Flatlands In Culberson County: When A Sound Belongs To A Place And A Place Belongs To A Sound

I’ve spent a good chunk of today listening to Red Shahan’s Culberson County album, which came out last year. It has been on repeat, and repeat, and repeat. It has a desolate, isolated sound that is somehow comforting and concerning at the same.

I’ve listened to a coupel Shahan albums in the past, but never did a deep dive, despite enjoying what I had heard. I knew who he was, had a few songs in my best of and that was that.

About the fifth time through Culberson County today, I realized I had a hankerin’ to go back and listen to Ryan Culwell’s Flatlands. Culwell was an “opener” discovery a few years back. He was opening for someone else I was seeing. I like to do the prep work for openers before the show. He was opening for Hayes Carll that night. This was in June of 2015, so his Flatlands album was just out. I liked it. After seeing him live that night, I loved it. He stole the show that night at Off Broadway.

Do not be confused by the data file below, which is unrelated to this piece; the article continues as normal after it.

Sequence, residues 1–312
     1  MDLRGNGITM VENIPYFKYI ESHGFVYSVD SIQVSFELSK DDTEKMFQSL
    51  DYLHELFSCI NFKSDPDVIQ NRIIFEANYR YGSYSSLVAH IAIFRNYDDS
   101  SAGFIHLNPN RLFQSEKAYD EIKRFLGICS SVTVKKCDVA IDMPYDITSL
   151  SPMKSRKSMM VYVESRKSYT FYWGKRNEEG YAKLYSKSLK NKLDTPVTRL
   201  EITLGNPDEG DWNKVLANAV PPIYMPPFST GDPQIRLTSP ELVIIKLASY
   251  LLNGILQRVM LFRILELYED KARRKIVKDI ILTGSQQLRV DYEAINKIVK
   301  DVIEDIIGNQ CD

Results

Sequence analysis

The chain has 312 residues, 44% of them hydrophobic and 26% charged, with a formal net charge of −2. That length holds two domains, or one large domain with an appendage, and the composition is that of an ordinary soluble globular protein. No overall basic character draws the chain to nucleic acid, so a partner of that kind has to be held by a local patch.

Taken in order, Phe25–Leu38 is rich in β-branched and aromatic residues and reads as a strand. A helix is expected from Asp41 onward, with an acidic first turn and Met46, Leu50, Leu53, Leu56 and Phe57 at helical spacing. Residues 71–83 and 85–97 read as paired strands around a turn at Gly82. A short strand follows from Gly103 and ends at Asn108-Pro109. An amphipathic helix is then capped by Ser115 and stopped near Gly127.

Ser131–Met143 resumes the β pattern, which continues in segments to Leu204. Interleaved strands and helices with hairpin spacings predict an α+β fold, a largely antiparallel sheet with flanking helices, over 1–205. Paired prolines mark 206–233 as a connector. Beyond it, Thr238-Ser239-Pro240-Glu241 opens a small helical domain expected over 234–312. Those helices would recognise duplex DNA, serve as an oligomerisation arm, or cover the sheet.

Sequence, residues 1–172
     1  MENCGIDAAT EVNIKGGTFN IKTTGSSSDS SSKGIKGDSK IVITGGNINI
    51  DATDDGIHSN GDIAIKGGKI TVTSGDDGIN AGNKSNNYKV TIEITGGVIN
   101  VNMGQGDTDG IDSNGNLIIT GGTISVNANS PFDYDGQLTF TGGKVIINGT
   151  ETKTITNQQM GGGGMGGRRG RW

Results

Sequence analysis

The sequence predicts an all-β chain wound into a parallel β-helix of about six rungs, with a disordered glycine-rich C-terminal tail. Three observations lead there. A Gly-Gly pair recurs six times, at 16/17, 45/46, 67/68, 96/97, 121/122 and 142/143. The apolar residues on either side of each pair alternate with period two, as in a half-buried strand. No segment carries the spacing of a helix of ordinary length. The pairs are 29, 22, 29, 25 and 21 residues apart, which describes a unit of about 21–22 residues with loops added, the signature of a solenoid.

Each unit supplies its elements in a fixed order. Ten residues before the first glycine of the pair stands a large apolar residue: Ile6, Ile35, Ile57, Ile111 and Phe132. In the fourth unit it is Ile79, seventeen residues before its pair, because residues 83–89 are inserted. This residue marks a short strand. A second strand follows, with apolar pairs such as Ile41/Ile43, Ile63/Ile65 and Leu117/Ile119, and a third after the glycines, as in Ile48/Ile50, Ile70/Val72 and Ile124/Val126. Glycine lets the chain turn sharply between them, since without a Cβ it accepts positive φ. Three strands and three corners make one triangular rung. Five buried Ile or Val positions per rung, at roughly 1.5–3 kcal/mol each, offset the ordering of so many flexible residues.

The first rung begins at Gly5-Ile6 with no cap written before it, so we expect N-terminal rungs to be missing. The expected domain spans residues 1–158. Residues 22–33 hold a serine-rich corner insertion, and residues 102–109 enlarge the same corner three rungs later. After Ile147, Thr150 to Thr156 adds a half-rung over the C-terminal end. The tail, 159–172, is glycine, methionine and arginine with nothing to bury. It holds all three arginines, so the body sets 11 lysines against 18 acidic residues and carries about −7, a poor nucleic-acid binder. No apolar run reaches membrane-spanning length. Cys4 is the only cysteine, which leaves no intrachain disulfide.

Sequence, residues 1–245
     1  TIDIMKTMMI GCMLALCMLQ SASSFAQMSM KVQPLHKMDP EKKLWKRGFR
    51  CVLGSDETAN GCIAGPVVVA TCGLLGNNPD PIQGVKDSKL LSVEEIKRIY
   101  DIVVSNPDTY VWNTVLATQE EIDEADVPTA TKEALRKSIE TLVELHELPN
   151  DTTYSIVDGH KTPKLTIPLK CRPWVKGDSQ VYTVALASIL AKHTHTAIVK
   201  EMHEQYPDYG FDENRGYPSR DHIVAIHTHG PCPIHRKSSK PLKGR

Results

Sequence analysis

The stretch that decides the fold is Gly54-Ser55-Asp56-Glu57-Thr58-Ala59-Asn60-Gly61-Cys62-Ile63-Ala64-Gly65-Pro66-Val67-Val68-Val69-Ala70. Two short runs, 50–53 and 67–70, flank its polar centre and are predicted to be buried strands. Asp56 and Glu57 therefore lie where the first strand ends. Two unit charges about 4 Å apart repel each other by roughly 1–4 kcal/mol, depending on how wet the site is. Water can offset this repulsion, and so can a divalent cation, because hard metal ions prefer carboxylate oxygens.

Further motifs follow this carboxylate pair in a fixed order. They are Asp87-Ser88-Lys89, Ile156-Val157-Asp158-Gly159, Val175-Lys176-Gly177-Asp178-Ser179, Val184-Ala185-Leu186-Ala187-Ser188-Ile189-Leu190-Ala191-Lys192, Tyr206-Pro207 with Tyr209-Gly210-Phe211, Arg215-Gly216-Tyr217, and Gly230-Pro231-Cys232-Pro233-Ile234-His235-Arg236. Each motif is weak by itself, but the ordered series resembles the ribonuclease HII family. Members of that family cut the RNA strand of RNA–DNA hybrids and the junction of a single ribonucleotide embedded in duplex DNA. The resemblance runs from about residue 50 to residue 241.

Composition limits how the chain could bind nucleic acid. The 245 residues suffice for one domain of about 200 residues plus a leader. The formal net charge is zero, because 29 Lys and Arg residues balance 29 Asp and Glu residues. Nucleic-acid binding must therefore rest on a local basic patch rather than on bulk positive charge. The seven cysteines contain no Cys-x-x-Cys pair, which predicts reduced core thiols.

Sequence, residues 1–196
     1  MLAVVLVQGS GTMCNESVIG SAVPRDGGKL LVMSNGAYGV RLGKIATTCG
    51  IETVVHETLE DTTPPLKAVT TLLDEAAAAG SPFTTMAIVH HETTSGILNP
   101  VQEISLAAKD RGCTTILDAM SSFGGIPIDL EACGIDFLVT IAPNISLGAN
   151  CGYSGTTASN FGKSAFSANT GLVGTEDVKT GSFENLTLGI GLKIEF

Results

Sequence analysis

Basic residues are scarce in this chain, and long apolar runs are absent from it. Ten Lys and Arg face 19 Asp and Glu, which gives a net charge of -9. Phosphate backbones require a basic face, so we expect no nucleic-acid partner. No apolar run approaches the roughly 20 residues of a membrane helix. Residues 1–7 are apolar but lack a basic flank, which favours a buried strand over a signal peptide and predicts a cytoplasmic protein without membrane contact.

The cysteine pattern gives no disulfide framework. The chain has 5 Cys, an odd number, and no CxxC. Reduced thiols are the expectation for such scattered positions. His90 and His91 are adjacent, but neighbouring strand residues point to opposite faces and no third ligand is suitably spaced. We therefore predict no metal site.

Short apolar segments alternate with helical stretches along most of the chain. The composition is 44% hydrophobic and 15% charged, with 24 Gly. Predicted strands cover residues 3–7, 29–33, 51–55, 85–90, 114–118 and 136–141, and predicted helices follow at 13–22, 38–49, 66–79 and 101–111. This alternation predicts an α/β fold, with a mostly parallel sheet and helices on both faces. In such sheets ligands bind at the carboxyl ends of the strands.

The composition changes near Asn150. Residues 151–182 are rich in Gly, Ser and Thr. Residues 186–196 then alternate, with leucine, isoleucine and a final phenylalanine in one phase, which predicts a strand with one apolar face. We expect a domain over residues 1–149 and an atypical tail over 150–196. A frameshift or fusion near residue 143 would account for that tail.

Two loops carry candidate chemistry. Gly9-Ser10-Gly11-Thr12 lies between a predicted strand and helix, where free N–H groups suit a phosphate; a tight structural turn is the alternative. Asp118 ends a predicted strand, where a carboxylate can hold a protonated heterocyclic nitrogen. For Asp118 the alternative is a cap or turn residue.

Always go to the show…

Flatlands had that bare, remote sound. I had dug deep on Culwell, and knew that solitude sound made sense when you see he is from the Texas panhandle. The spacious land lends itself heavily to the wide open soundscape of that album.

So, back to Shahan’s Culberson County album. It had me picturing the panhandle throughout, or maybe the Ozarks on occasion. I’m from Podunk, IL, population me; I had no clue if Culberson County was fictitious or real, so I head to ol’ google. It exist. In West Texas. Because of course it does.

So now I want to sit in a dark room with a glass of whiskey and listen to these two albums back-to-back. The playlist is 1 hour, 24 minutes. There is a movie somewhere in the music. It probably stars Walton Goggins.

So what say you? Do you have companion albums you picture as a perfect pairing for a lonely evening to share a glass of whiskey with you and you alone?


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